How do I begin to describe Venice? Do I start with how the streets intermingle with the ocean? Or do I start with the overwhelming presence of something bigger when you step a single foot into each historical church? The answer is simple: there is no good place to start because there is no possible way to rank how incredible the city is. There is no way to think of Venice objectively because Venice is a feeling.
To preface: I have family in Venice which was a large reason why I picked it as a destination. One of the perks of coming to Greece is it’s proximity to Italy and the opportunity to visit family. When I arrived to Venice, I feeling of relief fell upon me. I was about to spend four days with people that felt like home.
For starters, the small towns outside of the main city are something to be seen. These towns possess so much character and personality that they might as well be people. Treviso and Carole were two towns we visited that were filled with art, history, and laughter. Treviso had a small river flowing between the streets with photography tracing the sides of the water which made you want to keep walking as to continue the story that the photos were telling. Black and white pictures somehow made the entire town colorful.
At the end of the trip we visited Carole which was a beautiful town on the coast with a beautiful church in line with a tower that made the skyline light up even in the dark. At the town’s center there was a small festival going on for children. There were bulks of grade schoolers laughing, running, and playing games with their families which made me feel like in the midst of a world that is growing up too fast, there are still spots where childhood remains innocent and for lack of a better word – fun.
Now to the good stuff: Downtown Venezia.
Venice was like no other. Ten minutes outside of the main train station, it was like modernity stopped. Cars and trucks were non existent and boats took over the domain. Everything you could think of: police, ambulances, grocery stores, construction supplies – all brought to you by boat.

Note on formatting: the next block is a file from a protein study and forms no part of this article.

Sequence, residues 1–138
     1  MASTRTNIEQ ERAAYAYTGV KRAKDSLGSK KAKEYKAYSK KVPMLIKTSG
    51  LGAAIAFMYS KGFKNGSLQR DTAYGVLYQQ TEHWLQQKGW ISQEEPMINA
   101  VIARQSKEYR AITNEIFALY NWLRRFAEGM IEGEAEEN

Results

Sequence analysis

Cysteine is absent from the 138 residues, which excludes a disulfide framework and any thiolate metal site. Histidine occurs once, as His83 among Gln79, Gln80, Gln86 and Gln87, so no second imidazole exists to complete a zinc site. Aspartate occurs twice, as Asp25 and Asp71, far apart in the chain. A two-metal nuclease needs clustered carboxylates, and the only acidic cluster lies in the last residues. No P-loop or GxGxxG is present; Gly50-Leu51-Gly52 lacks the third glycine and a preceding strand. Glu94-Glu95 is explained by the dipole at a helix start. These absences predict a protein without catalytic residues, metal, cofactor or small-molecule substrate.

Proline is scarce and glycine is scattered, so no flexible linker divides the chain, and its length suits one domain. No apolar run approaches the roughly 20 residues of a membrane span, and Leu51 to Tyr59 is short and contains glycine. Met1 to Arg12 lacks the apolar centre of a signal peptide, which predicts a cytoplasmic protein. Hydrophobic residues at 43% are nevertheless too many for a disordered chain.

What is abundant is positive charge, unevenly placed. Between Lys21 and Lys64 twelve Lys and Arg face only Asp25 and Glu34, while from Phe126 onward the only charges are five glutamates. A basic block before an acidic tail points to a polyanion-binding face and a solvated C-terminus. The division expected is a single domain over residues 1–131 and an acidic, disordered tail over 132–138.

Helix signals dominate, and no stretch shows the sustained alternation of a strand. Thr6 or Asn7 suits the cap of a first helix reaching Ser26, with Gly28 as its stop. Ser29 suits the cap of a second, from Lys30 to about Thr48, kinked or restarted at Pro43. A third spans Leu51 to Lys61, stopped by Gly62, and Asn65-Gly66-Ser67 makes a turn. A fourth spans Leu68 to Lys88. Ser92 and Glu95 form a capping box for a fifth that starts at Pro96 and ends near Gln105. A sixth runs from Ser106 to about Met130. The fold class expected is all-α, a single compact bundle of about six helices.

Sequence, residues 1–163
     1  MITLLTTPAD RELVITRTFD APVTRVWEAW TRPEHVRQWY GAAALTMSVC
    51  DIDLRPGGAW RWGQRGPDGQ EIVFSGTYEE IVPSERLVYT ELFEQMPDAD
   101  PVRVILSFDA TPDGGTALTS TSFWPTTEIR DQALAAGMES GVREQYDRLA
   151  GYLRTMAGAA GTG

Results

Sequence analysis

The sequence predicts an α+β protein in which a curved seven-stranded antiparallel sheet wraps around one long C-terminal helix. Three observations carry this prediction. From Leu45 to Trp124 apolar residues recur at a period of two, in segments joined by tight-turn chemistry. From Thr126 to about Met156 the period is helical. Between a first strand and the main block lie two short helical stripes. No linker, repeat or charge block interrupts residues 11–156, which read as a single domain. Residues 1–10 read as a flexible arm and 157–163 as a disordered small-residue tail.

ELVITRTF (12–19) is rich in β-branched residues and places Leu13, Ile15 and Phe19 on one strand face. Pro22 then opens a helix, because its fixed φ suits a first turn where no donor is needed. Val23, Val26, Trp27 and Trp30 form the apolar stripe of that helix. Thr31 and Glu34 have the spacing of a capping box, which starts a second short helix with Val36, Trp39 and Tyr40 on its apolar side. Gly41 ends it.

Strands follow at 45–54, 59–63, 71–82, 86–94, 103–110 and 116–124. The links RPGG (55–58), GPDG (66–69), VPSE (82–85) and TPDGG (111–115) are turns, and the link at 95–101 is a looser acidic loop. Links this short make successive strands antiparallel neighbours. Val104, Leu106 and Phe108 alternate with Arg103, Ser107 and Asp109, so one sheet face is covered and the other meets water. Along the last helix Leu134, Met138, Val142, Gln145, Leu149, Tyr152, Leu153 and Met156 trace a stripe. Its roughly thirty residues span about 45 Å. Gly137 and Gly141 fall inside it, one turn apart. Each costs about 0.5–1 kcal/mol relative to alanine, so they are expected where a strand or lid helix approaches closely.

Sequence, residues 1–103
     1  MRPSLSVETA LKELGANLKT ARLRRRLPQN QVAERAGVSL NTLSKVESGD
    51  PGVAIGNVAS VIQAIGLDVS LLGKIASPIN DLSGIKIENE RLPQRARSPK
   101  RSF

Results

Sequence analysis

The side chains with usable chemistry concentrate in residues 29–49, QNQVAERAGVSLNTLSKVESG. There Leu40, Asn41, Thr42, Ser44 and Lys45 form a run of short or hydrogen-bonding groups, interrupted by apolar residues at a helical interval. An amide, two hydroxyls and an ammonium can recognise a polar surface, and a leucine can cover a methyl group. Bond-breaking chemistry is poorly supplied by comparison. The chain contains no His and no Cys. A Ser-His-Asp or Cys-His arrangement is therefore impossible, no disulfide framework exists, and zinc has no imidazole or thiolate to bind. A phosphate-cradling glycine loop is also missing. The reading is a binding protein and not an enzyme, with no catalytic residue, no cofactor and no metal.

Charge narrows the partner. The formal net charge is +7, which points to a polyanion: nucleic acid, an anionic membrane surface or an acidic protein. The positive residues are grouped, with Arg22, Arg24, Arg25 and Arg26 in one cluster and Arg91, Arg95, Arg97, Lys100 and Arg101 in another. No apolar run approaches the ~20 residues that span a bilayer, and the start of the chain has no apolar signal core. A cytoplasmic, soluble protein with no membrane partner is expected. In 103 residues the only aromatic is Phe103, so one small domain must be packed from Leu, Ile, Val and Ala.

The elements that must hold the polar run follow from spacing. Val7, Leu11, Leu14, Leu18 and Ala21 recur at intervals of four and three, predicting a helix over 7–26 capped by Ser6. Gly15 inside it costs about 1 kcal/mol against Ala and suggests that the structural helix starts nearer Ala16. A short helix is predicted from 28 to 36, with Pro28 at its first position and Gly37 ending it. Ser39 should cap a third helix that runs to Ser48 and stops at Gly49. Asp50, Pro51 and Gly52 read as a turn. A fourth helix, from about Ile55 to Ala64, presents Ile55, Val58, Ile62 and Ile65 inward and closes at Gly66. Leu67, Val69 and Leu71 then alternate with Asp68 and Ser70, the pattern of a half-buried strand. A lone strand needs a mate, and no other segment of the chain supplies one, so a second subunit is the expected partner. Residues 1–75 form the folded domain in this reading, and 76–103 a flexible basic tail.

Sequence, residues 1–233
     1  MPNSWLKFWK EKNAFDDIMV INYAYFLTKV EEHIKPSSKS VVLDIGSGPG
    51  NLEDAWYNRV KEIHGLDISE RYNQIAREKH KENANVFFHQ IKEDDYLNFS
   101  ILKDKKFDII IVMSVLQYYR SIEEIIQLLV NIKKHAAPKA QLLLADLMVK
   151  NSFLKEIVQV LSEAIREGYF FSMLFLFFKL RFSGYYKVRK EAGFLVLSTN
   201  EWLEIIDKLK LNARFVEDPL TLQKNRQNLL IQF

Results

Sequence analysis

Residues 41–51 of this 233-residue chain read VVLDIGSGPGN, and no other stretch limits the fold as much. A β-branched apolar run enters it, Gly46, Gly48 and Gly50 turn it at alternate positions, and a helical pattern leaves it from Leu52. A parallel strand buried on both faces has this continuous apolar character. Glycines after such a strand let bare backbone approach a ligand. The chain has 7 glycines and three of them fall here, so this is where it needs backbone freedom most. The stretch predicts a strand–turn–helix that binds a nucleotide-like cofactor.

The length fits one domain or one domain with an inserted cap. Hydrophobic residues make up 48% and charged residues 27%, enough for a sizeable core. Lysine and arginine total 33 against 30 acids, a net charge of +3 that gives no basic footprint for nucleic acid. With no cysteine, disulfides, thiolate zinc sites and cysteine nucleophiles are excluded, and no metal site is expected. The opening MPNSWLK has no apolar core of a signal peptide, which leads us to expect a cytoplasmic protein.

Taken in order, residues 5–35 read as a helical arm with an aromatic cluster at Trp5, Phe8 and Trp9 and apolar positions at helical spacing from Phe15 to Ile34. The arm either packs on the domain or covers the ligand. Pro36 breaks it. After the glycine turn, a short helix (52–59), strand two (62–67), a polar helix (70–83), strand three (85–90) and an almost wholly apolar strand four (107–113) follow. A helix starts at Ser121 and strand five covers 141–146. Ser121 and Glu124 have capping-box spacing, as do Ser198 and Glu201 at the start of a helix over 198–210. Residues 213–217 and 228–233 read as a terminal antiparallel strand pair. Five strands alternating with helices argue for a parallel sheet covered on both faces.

Some people might say that I didn’t get the full effect because when I went it was raining, but I would disagree. There was something perfect about the way that rain drops hit the flowing waters connected to the streets. The rain only made everything come together, almost full circle. In my opinion, Venice was meant for rain.
We wondered from place to place, shop to shop, just drinking the culture in. One of the big item tickets in Venice are the masquerade masks that are worn during the Venetian Carnival in February. Due to my childhood obsession with Phantom of the Opera, I bought one. I then learned from the clerk at the shop that the mask I bought stood for feminine strength – needless to say, I think I invested in a meaningful purchase.
We then Went to San Marco’s Square. This basilica could do no greater justice to God. It was incredible. Marble slid across the entire structure with carvings of saints and biblical figures that almost seemed as if they could speak out at any moment. Inside was nothing less than a sanctuary to everyone who entered. The warmness of the colors and paintings reached every person who entered the building – Christian or not.
Ever hear of Murano Glass? In case you haven’t, it’s glass that is hand made by many locals on the Venetian island of Murano. This island’s pride is the art of glass making. The products made of this glass are endless. They include but are not limited to: jewelry, ornaments, trinkets, masks, wine corks, beer openers, chandeliers, magnets – you name it. At the end of our time in Murano, we got to see a man make a glass in less than five minutes by hand. Talk about patience…
Burano takes first place between the two islands. The specialty on this island is lace and textiles. The difference between the lace there and the lace in let’s say…pottery barn, is that these are all hand made. Being that they are hand made, they are not mass produced, which means that no two are the same, you get an unique piece of art. The buildings on this island are all colorful and full of life. It was most comparable to a game of Candy Land. Every twist and turn of the streets were filled with each possible combination of rainbow shades.
Something I realized…
The best part of this whole experience was going home to my family. At the end of a perfect day, the only thing that could complete it further is being around people that love you. When we went back to the town after our day trip, my aunt and uncle asked what I did, my favorite part, and wanted to see my pictures. Even though I was far away from Chicago, this trip showed me that there’s no place like home.